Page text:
Merrick Garland is being considered for Attorney General in the Biden administration: report
- Judge Merrick Garland is under serious consideration by President-elect Joe Biden to serve as Attorney General, according to a NPR report.
- In 2016, Garland was nominated to the Supreme Court by then-President Barack Obama, but he never received a hearing and the nomination by blocked by Senate Republicans.
- Garland has served as a judge on the US Court of Appeals for the District of Columbia Circuit since 1997, and was its chief judge from February 2013 to February 2020.
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Judge Merrick Garland, whose 2016 nomination to the US Supreme Court was blocked by Senate Republicans, is under serious consideration by President-elect Joe Biden to serve as Attorney General, according to a NPR report.
Garland, 68, a judge on the US Court of Appeals for the District of Columbia Circuit since 1997, is a widely-respected jurist who started his professional career at the Department of Justice during the administration of former President Jimmy Carter.
Other prominent names being floated for the Attorney General post include former US Attorney General Sally Yates, former Massachusetts governor Deval Patrick, and Sen. Doug Jones of Alabama, who recently lost his bid for reelection.
Before becoming a federal judge, Garland oversaw the prosecution of Timothy McVeigh, who orchestrated the 1995 Oklahoma City bombing.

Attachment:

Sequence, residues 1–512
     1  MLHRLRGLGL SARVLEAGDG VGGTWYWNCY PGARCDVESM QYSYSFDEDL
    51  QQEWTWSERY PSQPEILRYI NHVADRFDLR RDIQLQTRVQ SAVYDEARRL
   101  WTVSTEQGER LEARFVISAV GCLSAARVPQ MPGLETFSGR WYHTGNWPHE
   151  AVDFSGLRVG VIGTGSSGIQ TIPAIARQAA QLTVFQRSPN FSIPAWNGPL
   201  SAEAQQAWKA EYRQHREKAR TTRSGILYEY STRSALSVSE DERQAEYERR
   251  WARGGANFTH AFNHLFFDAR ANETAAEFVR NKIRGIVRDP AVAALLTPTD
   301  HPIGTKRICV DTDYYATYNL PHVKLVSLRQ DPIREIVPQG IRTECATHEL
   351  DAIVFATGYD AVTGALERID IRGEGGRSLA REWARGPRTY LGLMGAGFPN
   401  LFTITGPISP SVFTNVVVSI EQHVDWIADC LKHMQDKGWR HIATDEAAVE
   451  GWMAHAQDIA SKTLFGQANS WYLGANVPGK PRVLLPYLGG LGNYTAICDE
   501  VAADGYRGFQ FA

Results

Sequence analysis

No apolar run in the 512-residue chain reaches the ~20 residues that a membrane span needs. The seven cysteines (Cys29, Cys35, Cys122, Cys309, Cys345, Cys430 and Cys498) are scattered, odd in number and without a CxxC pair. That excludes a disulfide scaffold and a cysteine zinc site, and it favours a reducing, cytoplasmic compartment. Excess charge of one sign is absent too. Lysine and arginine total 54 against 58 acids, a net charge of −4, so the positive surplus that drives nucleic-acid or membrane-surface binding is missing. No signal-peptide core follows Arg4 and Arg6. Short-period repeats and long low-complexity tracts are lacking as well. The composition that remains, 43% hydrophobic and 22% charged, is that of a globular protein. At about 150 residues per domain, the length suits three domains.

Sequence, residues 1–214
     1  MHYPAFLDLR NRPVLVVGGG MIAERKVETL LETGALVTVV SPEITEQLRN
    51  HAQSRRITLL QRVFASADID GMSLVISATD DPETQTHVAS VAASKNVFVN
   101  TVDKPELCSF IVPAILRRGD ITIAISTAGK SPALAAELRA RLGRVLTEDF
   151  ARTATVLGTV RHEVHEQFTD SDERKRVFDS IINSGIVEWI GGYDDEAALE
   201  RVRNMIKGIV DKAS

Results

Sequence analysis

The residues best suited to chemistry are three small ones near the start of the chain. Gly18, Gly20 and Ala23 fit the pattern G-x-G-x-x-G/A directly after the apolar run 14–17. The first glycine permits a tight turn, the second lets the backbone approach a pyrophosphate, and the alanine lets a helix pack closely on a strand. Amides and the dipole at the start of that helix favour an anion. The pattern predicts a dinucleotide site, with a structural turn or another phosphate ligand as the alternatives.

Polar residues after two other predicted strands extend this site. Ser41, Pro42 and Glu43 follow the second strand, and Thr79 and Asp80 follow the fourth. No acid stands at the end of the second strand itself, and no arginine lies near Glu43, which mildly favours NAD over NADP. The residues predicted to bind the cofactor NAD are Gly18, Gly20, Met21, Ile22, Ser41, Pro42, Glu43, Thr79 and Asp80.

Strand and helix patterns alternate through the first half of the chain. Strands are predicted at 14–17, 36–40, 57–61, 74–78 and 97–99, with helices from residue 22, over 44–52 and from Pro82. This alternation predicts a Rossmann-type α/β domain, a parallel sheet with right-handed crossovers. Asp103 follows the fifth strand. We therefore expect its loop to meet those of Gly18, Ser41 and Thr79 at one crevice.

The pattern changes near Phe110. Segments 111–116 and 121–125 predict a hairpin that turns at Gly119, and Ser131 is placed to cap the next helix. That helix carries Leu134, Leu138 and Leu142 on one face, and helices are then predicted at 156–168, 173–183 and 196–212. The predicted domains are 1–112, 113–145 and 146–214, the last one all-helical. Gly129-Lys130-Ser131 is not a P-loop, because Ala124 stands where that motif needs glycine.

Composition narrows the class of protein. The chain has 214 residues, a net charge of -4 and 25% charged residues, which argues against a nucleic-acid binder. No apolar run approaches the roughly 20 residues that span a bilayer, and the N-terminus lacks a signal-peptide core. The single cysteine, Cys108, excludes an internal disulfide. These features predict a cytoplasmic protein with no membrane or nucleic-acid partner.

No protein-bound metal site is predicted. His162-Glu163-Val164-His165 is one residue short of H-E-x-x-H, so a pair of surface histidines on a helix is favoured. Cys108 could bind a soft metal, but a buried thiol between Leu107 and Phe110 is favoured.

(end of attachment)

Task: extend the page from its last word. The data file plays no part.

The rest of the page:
In March 2016, Garland was nominated to serve on the Supreme Court by then-President Barack Obama after the death of Associate Justice Antonin Scalia, a conservative stalwart. Despite his reputation as a centrist and his bipartisan accolades, he was denied a hearing by the Senate GOP, with the nomination blocked by Majority Leader Mitch McConnell of Kentucky.
After his nomination to the Supreme Court, Garland stepped away from hearing active cases in the District of Columbia Circuit. However, he returned to the bench after the election of Donald Trump to the presidency, which all but assured his nomination would be scuttled.
When President Donald Trump assumed office in 2017, he quickly nominated conservative jurist Neil Gorsuch to the vacancy.
Senate Democrats remain furious about Garland's failed nomination.
Supreme Court nominations have become incredibly partisan affairs over the past few years, which culminated in a party-line confirmation vote for Amy Coney Barrett in October 2020.
Garland, known for his collegiality, is a choice that many Washington judicial insiders would gladly welcome.
"Some Justice Department veterans had been looking to history for a way to move ahead from the chaotic Trump era when the president has routinely attacked federal prosecutors and FBI agents," according to NPR. "Former Justice Department officials pointed out that after Watergate, President Gerald Ford enlisted former University of Chicago President Edward Levi to be attorney general and restore public confidence in the institution."
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